Metropulos said there was heavy behind the scenes lobbying from water agencies, utilities and agriculture groups trying to weaken many of the provisions these groups like, he said. He had another interpretation of the meaning behind the letter the Conservancy and others sent last week: “If you tinker with this package any more, we’re out.”

The weak link appears to be the bond portion. While the policy bill will only need a majority vote, the bond needed to implement it would need a two-thirds measure in both houses. This means that legislative Republicans would have a greater influence over its contents, and they are unlikely to approve of shuffling much of the cost onto agricultural users and utilities, as some environmental and progressive groups have called for.

The latest reports have the ng coming in the form of a $9.4 billion general obligation bond. On Oct. 1, Treasurer Bill Lockyer put out a report warning against adding further debt to the state general fund.

“This report makes clear that further increasing the General Fund’s debt burden, especially in the next three difficult budgets, would require cutting even deeper into crucial services already reeling from billions of dollars in reductions,” Lockyer wrote in the introduction to the “Debt Affordability Report.” “The case for user-funding for most water system improvements is compelling, both as a matter of equity and fiscal prudence.”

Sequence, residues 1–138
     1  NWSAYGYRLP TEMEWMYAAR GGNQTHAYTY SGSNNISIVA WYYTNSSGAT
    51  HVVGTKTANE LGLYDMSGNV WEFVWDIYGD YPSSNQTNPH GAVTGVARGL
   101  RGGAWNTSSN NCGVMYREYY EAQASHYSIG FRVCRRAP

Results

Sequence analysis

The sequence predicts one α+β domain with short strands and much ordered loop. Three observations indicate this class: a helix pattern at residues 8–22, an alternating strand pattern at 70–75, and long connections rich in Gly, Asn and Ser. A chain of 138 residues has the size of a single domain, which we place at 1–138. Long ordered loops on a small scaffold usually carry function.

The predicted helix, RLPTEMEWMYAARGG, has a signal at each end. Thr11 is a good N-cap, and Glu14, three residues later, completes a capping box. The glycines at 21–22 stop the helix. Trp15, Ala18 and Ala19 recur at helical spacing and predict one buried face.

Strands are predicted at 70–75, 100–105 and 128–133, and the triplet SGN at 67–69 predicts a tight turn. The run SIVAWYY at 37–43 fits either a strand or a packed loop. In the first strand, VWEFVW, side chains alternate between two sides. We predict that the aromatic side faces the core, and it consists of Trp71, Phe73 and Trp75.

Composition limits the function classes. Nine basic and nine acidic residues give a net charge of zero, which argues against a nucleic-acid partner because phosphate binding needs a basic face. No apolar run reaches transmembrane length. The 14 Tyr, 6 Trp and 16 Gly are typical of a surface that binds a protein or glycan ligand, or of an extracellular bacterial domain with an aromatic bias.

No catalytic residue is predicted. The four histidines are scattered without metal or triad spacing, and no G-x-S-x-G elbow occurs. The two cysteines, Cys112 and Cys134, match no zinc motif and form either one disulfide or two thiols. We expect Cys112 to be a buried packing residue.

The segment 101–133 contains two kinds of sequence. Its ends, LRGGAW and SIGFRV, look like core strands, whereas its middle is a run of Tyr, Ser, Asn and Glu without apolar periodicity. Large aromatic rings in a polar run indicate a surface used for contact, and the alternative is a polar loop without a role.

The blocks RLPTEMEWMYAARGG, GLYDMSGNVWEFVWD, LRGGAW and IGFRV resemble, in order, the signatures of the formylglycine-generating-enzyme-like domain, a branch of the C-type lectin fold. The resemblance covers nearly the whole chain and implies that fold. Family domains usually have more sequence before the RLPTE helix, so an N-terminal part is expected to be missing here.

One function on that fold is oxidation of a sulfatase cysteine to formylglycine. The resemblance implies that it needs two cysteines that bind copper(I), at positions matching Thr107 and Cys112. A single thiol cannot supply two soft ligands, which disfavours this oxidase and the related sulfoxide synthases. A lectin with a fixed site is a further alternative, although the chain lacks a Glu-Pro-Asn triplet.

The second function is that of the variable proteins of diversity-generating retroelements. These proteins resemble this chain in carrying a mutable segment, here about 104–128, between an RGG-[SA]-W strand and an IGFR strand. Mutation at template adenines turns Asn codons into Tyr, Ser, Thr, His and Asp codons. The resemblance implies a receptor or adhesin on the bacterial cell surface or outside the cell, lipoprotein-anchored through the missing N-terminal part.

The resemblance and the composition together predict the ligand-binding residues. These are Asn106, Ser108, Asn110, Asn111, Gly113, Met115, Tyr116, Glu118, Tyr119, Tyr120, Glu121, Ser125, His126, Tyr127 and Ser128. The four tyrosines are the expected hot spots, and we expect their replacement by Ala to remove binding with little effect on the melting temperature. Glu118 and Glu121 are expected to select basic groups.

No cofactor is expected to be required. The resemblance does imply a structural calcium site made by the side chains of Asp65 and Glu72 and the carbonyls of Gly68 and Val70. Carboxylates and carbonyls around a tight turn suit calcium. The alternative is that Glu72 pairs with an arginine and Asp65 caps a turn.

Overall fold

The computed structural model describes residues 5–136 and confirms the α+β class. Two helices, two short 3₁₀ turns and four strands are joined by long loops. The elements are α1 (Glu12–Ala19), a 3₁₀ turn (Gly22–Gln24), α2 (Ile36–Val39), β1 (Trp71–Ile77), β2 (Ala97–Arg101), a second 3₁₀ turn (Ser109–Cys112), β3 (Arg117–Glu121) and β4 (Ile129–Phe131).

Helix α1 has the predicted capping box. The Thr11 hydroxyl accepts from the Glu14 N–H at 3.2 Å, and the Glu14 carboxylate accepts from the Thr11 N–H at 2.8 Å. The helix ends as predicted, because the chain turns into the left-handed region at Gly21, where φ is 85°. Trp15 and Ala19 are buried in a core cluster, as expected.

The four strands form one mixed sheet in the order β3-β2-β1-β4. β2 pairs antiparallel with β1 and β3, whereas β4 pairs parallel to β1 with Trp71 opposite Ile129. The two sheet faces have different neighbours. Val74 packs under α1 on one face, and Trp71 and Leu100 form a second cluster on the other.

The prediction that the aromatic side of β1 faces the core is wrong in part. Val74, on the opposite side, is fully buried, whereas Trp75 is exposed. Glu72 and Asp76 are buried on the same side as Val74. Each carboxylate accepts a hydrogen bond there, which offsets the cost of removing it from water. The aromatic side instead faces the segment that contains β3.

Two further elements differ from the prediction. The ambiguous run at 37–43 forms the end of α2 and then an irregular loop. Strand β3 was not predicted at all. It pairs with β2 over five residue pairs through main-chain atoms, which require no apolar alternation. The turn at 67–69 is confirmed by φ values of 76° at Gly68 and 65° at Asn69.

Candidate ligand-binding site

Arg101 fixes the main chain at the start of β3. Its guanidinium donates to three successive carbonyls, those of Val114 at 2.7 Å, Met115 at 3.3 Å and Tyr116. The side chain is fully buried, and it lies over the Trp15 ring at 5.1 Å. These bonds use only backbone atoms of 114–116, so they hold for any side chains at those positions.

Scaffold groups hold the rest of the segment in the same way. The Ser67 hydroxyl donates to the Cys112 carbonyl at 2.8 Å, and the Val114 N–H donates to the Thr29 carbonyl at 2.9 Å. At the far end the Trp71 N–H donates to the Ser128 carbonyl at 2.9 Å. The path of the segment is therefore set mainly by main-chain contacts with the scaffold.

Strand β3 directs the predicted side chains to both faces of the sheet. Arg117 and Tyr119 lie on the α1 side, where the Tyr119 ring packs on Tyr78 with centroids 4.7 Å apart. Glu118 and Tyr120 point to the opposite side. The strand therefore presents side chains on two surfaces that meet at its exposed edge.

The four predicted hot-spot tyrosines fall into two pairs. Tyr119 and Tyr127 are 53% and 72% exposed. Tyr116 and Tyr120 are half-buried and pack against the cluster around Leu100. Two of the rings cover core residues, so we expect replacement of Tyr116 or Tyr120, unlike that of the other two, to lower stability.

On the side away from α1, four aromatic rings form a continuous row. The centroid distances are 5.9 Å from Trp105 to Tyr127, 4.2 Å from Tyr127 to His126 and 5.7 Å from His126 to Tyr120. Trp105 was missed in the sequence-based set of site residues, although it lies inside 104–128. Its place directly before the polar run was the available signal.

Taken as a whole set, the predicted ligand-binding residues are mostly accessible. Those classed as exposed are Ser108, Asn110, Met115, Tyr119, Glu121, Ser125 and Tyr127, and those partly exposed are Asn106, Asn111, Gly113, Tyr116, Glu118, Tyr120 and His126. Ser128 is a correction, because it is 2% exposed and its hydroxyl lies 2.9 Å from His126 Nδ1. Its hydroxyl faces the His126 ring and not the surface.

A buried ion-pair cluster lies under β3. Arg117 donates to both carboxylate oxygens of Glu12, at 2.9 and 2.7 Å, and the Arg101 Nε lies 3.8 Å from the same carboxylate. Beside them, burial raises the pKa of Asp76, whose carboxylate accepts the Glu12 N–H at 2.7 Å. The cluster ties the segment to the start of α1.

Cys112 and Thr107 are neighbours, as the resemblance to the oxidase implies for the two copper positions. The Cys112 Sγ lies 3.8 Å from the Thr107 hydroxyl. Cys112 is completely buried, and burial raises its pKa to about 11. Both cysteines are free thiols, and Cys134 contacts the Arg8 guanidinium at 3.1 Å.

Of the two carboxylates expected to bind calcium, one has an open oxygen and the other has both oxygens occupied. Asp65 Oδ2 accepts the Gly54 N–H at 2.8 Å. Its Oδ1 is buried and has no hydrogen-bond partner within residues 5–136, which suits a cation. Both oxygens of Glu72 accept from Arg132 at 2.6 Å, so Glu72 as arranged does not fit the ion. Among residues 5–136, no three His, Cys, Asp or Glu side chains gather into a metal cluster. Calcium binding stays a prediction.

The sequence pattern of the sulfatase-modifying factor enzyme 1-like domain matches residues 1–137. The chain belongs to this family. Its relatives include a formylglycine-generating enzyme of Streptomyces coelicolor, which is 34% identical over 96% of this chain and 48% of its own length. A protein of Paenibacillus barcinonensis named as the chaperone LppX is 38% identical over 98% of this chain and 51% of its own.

The plan also reportedly calls for the state to defer payments for 15 years. Metropulos said this was an attempt to hide the cost.  
“For those 15 years, the interest we’re not paying will be recapitalized and put back into the principle,” Metropulos aid. “It’s not going to be $12 billion or $15 billion, it’s going to be some huge amount. Amazingly, all those legislators will be termed out and not have to deal with the payments.”